PHOENIX -While the Arizona Department of Transportation (ADOT) has come up with a way to fix the portion of U.S. 89 damaged in a February landslide, the road won't be fixed for at least two years. That means drivers will have to continue to take U.S. 160 (Tuba City exit) and State Route 98, which is approximately 115 miles long and 45 miles longer than the direct U.S. 89 route.
ADOT plans to cut back the mountain slope and construct a gravity buttress wall as part of the proposed solution. The agency expects the repairs to cost about $40 million.
ADOT assembled a team of geotechnical experts to examine the stability of the mountain slope that carried the damaged highway and searching for options available to reopen the roadway.
After an exhaustive geotechnical investigation that included geologic mapping, subsurface exploration and monitoring, laboratory tests and slope stability analyses, ADOT submitted the final report. The 463-page report concludes the recent landslide was a reactivation of a small portion of an ancient landslide, but little to no new movement has occurred since testing began.
The active landslide is approximately 135 feet below the roadway and measures approximately 1,200 long at the base of the slope.
ADOT will build the buttress, a wall-like support structure composed of rock, at the base of the slope and will move the highway travel lanes farther to the east by creating a new cut into the existing slope in the Echo Cliffs.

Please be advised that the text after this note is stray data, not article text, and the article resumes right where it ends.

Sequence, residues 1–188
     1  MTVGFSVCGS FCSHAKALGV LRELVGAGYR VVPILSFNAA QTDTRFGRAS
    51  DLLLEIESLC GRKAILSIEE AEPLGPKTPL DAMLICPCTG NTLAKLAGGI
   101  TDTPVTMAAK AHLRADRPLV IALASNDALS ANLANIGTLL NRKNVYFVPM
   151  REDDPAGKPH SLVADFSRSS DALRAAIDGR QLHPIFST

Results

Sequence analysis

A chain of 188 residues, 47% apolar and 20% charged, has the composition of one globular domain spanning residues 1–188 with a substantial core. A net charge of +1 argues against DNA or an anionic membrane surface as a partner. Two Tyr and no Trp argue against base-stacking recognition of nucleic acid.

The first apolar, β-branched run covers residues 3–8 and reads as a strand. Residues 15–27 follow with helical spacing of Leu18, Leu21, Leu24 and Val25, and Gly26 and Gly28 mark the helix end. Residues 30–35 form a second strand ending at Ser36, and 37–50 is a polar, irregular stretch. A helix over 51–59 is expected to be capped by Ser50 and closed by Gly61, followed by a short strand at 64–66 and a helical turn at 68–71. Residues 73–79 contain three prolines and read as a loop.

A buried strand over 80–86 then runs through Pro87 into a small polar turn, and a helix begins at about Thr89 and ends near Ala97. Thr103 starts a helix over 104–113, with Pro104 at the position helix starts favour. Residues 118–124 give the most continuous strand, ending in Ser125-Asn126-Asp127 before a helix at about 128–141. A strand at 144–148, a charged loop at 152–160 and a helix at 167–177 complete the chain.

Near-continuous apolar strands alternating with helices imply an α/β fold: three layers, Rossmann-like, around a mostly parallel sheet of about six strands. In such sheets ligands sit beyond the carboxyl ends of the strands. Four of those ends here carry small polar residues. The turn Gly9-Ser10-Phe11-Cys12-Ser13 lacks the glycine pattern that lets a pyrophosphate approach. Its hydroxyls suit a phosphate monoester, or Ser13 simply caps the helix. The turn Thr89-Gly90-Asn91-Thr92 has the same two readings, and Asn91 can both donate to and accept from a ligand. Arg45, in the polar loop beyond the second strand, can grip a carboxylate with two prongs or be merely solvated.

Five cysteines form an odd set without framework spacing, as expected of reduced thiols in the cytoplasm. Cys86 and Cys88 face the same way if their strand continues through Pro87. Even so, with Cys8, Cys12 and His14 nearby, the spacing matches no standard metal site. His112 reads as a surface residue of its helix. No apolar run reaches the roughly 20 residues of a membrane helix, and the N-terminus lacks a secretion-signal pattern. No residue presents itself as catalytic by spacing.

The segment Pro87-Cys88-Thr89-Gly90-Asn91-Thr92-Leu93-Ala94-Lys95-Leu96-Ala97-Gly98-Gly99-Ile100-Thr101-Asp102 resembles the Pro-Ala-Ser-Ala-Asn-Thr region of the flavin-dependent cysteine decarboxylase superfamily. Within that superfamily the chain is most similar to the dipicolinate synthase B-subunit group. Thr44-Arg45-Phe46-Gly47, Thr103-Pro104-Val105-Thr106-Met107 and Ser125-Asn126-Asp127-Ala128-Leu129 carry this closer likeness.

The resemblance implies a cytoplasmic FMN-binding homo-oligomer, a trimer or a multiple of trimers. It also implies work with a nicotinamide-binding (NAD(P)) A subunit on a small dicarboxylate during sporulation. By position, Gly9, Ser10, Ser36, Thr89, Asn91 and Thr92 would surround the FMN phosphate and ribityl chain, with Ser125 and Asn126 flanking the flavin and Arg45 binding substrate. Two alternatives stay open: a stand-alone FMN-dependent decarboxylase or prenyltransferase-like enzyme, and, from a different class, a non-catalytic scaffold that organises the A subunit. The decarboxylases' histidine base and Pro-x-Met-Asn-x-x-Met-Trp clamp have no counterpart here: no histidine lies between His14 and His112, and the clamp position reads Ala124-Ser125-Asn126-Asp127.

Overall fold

"The recommendation is to move the road 60 feet, and take the rock from the cut and put it at the base of the hill to form a rock buttress to lock in the recent slide," said Steve Boschen, ADOT deputy state engineer of design. "The right-of-way and environmental process will be our biggest challenge, but we will streamline that as much as possible so we can benefit the traveling public and especially the Bitter Springs and Marble Canyon communities."
At a later date, ADOT will request additional federal aid to pay for the repair of U.S. 89 through the Federal Highway Administration's Emergency Relief program, which reimburses state and local jurisdictions for the repair or reconstruction of highways, roads and bridges damaged in natural disasters and catastrophic failures.
ADOT used $35 million in federal aid money to pave Navajo Route 20 to make a shorter detour route for motorists until repairs are complete on U.S. 89.
The Navajo Nation, Navajo Division of Transportation, Bureau of Indian Affairs, the Federal Highway Administration and ADOT all worked together to pave Navajo Route 20, a 44-mile-long tribal route, which is a mostly dirt road that stretches from Bodaway-Gap to LeChee. N20 runs parallel to U.S. 89 and will significantly reduce travel time for motorists heading to and from Page and the Lake Powell.
Workers began construction in late May on N20 and work will likely finish in August. The route will eventually serve as the interim bypass for drivers and will be designated Temporary U.S. 89 (US 89T) once paving is complete.
U.S. 89 is closed north of Bitter Springs and south of Page.